The big time-killer appears to be unscheduled meetings of all kinds. Scheduled meetings are just as bad but those I mostly can’t get out of. Yet. Unscheduled ones – I call them “meetings” because we talk mostly business seem to be not much more than business-social chit-chat anyway. I guess that some of this is okay but I have just discovered that I am a major yapper! Now that I am aware of this, I can see that it is me who initiates the majority of these sessions. And prolongs them. No wonder I feel so much time pressure!
We have a great communications staffer in HR who has offered to help me break this disgusting habit. I’ll let you know if it works out.
Let’s take a break in our interactions for a while. I am going on a nearly month-long family vacation as soon as school ends. First real vacation I can remember in years. Even Ken has managed to break away (but he’ll be on his phone frequently no matter where we try to hide). I’m going to attempt a limit of a single call to the office a day.
I think that we need to work next on what I am doing with my work time. My time-tracker says that I am not well-prioritized. To say the least. I flit from thing to thing as emails and calls and meetings dictate.
My goal is to be the best sales EVP this place ever had. Not by working harder but by working smarter. Can you help me work smarter?
Thank you so much for what you have done. My kids say to thank you from them. My life has at last become whole, I think.
Hope you are ready to go again. I am getting overwhelmed by new demands on my time that I had not in my worst nightmares imagined. Many of these are exec-level happenings that I have no idea about how to manage or extract myself from.
Seems like half my time is now spent with the CEO or on his requests. He once had my job and really knows his stuff, sales-wise. Great training for me but I’m slipping back into the abyss.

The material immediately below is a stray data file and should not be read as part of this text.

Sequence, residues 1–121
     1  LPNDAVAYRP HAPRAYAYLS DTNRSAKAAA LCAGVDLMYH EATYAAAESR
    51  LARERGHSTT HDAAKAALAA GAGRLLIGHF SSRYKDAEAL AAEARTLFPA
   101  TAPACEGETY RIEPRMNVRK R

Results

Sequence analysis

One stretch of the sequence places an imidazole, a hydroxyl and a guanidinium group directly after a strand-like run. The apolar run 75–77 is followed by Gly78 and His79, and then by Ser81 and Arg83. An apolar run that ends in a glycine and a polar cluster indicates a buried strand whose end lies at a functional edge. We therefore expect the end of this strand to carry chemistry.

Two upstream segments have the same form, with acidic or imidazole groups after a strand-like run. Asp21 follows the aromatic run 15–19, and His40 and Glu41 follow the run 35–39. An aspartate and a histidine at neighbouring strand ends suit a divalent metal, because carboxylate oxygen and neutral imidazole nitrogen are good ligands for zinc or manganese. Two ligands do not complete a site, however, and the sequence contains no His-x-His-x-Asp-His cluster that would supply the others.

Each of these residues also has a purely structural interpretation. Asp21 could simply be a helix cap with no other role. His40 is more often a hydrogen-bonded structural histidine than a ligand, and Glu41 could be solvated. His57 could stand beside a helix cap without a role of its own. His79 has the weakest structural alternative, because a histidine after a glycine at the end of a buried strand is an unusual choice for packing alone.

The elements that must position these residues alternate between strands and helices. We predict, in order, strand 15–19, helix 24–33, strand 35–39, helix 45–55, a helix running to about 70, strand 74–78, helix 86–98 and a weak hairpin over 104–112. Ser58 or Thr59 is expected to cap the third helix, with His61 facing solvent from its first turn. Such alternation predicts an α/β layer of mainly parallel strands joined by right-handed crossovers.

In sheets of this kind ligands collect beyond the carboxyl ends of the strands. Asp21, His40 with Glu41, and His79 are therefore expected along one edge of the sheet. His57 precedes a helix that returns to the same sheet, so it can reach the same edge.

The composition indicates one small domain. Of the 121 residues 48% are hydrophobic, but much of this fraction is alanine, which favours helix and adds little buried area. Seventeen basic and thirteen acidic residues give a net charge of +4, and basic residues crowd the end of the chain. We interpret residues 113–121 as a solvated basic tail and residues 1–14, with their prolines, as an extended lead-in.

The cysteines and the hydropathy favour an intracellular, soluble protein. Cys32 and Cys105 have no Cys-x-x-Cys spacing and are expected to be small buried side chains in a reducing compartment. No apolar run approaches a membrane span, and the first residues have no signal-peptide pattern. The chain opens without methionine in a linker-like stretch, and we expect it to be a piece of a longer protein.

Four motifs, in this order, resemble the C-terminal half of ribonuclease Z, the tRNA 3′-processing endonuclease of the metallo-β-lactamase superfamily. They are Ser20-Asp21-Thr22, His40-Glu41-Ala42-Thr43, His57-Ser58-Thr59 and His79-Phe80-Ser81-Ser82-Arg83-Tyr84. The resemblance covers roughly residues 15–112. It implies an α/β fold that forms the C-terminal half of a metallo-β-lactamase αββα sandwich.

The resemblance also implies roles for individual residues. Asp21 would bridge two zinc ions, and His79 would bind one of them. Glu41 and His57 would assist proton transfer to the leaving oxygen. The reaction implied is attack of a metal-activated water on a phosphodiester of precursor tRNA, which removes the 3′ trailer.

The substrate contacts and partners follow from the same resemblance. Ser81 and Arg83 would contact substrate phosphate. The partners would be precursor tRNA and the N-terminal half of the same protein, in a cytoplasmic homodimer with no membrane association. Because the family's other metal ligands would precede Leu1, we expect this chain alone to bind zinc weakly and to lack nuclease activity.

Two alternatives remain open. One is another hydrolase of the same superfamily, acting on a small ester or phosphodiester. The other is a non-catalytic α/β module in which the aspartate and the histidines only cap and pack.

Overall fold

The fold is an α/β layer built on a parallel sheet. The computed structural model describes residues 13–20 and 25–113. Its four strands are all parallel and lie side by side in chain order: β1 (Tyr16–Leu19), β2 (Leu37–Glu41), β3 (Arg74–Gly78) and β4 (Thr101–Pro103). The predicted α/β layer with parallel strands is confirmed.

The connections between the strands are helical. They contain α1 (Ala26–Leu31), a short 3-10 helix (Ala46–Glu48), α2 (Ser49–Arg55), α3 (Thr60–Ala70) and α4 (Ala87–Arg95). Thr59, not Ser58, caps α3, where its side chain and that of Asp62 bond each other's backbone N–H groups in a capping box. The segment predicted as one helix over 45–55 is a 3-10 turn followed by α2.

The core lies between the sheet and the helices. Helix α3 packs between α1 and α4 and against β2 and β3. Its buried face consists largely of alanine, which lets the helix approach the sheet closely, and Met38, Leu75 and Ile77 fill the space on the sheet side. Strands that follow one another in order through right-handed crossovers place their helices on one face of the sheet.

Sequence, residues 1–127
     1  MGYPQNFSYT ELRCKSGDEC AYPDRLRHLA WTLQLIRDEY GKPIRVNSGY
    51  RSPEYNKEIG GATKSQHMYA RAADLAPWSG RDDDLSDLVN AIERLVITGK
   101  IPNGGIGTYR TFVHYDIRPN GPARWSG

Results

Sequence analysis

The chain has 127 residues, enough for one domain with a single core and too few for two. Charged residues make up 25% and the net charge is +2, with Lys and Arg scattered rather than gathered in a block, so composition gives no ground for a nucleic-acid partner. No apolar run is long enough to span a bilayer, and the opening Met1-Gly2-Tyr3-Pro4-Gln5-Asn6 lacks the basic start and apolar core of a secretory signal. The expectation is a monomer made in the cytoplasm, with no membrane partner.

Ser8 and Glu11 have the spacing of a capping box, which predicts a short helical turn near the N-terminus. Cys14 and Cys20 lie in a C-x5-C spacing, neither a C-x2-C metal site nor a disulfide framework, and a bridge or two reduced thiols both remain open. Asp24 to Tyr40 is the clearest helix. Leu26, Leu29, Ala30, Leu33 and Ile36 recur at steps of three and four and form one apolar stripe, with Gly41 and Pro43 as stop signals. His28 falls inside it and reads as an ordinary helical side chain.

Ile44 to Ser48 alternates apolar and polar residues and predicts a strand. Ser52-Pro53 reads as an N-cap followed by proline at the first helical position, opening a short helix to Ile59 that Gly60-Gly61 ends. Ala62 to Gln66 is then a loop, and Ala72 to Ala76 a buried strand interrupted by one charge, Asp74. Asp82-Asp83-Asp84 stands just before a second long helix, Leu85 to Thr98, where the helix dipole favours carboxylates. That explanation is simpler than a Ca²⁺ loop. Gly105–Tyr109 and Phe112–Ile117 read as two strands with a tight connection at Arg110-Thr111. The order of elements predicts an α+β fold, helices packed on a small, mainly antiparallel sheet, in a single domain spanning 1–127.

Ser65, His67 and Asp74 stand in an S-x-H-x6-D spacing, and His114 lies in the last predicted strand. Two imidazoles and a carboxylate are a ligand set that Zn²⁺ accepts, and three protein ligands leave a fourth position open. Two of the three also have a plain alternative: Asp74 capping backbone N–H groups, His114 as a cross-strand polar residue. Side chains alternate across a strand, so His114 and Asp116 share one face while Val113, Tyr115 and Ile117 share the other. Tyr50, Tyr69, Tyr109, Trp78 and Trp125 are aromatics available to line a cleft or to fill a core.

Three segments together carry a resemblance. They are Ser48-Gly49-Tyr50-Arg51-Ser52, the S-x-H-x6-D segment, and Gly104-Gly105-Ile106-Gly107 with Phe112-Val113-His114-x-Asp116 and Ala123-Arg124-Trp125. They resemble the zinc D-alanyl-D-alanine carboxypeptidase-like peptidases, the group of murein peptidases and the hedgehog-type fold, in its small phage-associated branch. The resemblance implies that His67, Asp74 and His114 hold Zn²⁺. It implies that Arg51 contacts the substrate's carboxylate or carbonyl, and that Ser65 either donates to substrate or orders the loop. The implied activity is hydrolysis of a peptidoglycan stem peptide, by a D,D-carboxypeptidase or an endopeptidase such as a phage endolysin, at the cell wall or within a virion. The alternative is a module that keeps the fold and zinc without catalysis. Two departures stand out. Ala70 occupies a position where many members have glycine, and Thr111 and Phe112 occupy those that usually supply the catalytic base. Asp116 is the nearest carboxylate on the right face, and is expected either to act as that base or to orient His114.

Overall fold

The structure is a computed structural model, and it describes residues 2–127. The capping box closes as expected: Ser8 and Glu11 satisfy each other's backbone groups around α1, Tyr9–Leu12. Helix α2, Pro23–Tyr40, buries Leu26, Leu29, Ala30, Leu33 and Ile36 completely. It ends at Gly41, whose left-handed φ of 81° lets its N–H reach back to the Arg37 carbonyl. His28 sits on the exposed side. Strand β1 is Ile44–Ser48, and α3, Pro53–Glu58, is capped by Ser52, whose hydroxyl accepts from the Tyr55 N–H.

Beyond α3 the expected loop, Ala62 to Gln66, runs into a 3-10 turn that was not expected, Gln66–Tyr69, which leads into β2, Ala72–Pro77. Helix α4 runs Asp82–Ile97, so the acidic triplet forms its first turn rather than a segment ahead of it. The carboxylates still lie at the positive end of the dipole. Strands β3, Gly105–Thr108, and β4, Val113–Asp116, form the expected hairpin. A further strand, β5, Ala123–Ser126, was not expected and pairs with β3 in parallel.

It gets worse.
Husband Ken’s construction business, mostly high-end homebuilding, has hit a truly bad stretch of trouble. Not sure whether I mentioned that I was deeply involved in his business from its start until quite recently. Maybe had something to do with my time pressure, you think?
Anyhow, Ken feels that his troubles are at least partly due to my moving away from this involvement. Which may well be true. There Is no way that I can’t get involved somehow in helping him get back on track.
Ken was so happy with what you and I managed to do in getting my work-life balance into a reasonable, well, balance that he just asked me if the three of us might be able to work together on his business situation. Completely separate issue from my executive coaching activity (which, you’ll be not-surprised to hear, is being picked up 100% by HR). I knew they were good for something. Sorry, not nice. They have actually done a lot for me in my new life as a big exec.
Let me know as soon as you can. We are both drowning, I fear.
The answer is yes, but these have to be handled separately at my end. Making you “effective and productive”, whatever that means in practice, is one issue. The second one appears to be some joint coaching involving you and Ken as a team. I have not done this within my current messaging context so this will be a learning process for me. It should involve nothing more than adding Ken to the messaging contact list so he can provide separate input and receive anything that you or I send.